Their request was submitted in a brief to Murphy on the US District Court in the Southern District of Illinois. With the filing, the employees are looking to tie up some loose ends left over from the original case, where Murphy left unresolved the question of what the workers should receive in damages (See Murphy’s Law: IBM Loses Cash Balance Ruling ), according to a Dow Jones report.
In the request, the current and former employees are asking Murphy to require IBM to recalculate accrued pension benefits with a different formula than initially used. If the court approves the payment request, retired workers would get remedial payments if earlier benefits amounted to less than they would have been under the new formula, and some current employees would see benefits bumped up, according to Doug Sprong, a lawyer for the plaintiffs.
IBM is also required to propose damages under Murphy’s previous ruling, which the company has not yet done. Not surprising, Big Blue is expected to propose that it make no retroactive payments.
Perhaps more importantly the request by the employees represents the latest block in the building controversy surrounding cash balance plans – retirement plans that leave investing to employers and promise fixed benefits yet at the same time are set up as individual accounts, with benefit and interest credits.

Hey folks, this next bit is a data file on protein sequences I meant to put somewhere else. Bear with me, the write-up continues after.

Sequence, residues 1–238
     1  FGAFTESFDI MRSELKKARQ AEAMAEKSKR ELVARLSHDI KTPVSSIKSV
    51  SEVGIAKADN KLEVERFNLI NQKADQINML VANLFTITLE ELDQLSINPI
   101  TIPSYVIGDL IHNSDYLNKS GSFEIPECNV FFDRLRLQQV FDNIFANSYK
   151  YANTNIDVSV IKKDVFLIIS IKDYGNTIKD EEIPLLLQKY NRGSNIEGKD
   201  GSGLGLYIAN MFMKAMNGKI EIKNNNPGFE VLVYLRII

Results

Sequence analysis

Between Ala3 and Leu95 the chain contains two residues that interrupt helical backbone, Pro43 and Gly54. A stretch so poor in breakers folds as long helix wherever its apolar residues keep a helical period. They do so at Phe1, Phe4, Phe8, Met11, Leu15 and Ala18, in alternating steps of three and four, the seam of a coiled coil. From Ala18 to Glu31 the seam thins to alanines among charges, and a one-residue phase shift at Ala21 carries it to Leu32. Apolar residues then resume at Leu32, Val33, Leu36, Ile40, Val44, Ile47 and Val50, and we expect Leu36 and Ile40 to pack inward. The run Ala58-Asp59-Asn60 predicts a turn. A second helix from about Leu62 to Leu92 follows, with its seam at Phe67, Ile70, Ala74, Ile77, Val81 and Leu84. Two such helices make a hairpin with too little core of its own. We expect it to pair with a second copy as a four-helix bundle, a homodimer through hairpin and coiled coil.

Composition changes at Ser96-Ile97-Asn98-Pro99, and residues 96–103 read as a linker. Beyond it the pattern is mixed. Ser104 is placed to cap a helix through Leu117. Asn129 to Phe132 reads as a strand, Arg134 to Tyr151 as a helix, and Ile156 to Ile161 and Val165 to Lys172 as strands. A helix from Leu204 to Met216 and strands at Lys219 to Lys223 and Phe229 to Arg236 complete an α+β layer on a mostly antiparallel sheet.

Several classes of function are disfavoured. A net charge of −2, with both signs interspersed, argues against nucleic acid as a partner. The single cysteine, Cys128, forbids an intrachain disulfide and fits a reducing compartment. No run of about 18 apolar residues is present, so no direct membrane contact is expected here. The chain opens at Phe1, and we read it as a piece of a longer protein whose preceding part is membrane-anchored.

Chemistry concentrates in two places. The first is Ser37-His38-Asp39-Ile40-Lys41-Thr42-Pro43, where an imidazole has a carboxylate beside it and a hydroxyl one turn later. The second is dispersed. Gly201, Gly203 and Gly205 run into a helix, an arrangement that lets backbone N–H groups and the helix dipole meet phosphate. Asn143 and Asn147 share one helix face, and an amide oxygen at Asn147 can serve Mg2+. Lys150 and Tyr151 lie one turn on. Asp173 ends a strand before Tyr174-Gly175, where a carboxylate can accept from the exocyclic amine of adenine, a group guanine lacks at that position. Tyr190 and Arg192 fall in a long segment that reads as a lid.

On the one side, older workers claim such plans discriminate on an age basis since employers often reset the clock when converting to cash balance plans, bringing older workers’ benefits into line with those of younger workers. In fact, these charges formed the basis for Murphy’s ruling and have since spurred action by Congress.
Last month, the US House of Representatives passed an amendment that would prohibit the Treasury Department from getting involved in efforts to overturn the IBM decision (See Congressional Cash Balance Opponents Tout “Win” ). This came after the agency has been working for nearly a year to finalize rules addressing whether cash balance plans are age discriminatory, long-awaited guidance that had widely been expected to support cash balance plans.